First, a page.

In 2004, Dominique Gama’s life was turned upside down while walking from his fields to a well to collect water. He took, one, two, three steps towards the well and as his left foot came down on the fourth step, there was an explosion, followed by silence and shock. Despite the violent explosion, Dominique did not lose consciousness and was aware of what had happened. He had stepped on one of countless landmines laid during 25 years of armed conflict in Casamance, Senegal.
“My first reaction was to warn my daughter who was running to help me,” says Dominique. “I shouted at her, no, no, no, stay away! There might be other mines here!”
Dominique tried to get himself out of the booby-trapped area: “I crawled and crawled and sheltered a little further away in a place that seemed safe. I then waited for almost three hours lying on my chest, stricken with pain, before soldiers came and took me to hospital. Nobody else dared to come near me.”
“Mines are laid in a totally random fashion in Casamance,” says Aziz Sy, Handicap International’s head of demining operations in Senegal. “There are mines in the woods, orchards, fields, around wells, and roads. Mines are simply everywhere.”
Dominique tried to rebuild his life after spending a month in the hospital. “I instantly lost all hope,” he says. “I told myself my life was over and that I wasn’t the same person as before. Who would help me with my children? I felt like this even though everyone was saying to me that things would get better once I could walk again with a prosthesis. I knew that I wouldn’t be able to work as hard as in the past or play sports anymore.”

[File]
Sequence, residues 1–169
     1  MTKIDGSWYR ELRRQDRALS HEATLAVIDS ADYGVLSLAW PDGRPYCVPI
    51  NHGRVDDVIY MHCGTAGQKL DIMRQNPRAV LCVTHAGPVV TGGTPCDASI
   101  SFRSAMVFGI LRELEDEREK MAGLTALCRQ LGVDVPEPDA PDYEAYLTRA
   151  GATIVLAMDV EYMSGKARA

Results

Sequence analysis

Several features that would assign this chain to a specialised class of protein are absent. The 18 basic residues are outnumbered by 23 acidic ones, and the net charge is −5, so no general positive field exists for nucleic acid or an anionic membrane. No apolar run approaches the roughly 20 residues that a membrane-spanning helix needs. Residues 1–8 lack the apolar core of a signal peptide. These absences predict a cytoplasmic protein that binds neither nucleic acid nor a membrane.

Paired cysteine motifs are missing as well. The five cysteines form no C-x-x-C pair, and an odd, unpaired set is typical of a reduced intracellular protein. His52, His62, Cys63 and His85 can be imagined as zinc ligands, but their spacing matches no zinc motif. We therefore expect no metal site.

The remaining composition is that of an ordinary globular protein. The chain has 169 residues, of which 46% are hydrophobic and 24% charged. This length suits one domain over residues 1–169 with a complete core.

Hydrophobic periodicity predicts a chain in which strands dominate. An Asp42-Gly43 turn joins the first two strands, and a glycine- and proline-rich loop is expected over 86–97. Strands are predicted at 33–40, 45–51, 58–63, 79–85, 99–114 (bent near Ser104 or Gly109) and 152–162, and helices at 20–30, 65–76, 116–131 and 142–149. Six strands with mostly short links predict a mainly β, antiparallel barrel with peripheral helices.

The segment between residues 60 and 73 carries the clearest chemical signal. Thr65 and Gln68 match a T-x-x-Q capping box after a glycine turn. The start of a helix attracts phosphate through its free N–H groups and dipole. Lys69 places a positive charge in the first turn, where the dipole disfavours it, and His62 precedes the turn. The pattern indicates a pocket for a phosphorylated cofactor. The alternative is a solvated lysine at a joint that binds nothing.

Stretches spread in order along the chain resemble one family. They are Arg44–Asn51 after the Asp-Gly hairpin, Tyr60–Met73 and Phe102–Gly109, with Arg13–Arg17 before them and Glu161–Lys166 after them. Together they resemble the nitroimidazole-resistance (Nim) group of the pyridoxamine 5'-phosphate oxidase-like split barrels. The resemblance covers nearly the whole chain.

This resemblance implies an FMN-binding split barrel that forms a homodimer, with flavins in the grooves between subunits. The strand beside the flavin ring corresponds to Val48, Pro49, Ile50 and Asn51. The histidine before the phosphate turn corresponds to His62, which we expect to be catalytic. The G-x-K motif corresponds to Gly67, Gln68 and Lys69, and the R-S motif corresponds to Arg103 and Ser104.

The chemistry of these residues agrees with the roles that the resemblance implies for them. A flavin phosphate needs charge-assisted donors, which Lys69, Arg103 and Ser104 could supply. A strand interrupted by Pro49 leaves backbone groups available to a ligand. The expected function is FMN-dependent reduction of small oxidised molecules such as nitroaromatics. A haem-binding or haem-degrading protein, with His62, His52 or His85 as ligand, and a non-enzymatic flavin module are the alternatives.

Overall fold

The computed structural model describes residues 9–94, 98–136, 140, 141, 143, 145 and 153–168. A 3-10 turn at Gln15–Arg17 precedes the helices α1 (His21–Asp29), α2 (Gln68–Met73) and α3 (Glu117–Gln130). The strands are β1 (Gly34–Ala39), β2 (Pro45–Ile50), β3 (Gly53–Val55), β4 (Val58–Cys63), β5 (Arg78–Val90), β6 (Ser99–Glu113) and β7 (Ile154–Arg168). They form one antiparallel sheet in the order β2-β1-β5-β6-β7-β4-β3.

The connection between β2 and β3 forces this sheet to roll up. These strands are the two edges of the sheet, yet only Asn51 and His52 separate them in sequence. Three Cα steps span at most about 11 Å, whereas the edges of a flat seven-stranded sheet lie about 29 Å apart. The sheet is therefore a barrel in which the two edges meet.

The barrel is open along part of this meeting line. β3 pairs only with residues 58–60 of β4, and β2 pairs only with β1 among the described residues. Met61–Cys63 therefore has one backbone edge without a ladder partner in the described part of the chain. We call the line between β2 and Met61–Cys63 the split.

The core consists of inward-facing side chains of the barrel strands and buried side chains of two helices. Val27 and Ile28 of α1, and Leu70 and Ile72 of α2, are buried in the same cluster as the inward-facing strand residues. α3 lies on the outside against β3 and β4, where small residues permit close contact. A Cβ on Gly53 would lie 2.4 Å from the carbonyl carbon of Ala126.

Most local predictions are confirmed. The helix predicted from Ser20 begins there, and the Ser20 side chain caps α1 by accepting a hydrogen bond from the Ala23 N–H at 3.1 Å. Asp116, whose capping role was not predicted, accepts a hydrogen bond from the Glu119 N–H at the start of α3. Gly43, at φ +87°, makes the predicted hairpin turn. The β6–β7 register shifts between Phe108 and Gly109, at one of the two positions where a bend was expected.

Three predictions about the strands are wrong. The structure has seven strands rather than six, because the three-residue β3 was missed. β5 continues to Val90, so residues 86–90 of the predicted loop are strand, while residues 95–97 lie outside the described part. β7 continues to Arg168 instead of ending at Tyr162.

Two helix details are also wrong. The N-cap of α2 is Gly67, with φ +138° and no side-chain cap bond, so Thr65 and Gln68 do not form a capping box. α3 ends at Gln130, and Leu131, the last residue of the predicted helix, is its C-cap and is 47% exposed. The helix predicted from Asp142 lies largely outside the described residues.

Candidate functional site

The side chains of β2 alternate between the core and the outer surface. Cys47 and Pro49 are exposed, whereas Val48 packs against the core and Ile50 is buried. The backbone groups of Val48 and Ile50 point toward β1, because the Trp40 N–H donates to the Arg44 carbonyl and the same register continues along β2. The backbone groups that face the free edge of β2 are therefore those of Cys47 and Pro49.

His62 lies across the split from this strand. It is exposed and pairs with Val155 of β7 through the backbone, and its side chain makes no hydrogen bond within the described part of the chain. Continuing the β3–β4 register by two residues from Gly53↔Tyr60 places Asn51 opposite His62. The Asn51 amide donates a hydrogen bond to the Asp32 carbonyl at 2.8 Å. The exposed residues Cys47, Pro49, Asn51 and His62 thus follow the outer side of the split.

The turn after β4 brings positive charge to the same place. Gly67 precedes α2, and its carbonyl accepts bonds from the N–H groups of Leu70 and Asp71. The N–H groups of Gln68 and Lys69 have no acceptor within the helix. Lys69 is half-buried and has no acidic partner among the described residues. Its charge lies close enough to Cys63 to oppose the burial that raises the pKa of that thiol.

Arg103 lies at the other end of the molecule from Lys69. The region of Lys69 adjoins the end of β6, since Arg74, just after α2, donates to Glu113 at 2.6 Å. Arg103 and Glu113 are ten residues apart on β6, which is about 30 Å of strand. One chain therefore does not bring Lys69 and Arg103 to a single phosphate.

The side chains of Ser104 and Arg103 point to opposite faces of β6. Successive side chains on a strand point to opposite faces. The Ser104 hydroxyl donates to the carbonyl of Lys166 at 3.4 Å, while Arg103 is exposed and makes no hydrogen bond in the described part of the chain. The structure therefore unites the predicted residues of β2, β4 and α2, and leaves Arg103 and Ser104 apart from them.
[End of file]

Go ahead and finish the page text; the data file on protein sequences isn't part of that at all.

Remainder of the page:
It took Dominique five years to regain a measure of self-confidence and find a stable source of income. “I had to deal with other people’s reactions to my disability. But at the end of the day, I’m not so different from everyone else, maybe they walk better than me but in all other respects we are the same. I work as hard as they do’.”
Handicap International began clearing landmines in Senegal in 2007. In 2011, teams cleared Dominique’s entire village and the surrounding area of landmines. Since then, the village has flourished. More people are building homes and expanding their farmland, including Dominique.
Like many other villagers, Dominique now grows bissap, a type of green, and produces cashew nut wine. He also just started raising pigs. “I love being a pig breeder,” says Dominique. “I would also like to breed poultry in order to ensure that my family has a brighter future. Indeed, our family is set to grow in the near future, as my wife is expecting her fifth child.”
Handicap International cleared 1.8 million square meters of mines between 2007 and 2012 in Casamance. Thanks to the generous support of the U.S. Department of State, Handicap International deminers resumed this life-saving work in December 2015, with the aim of clearing 55,000m² by August 2016.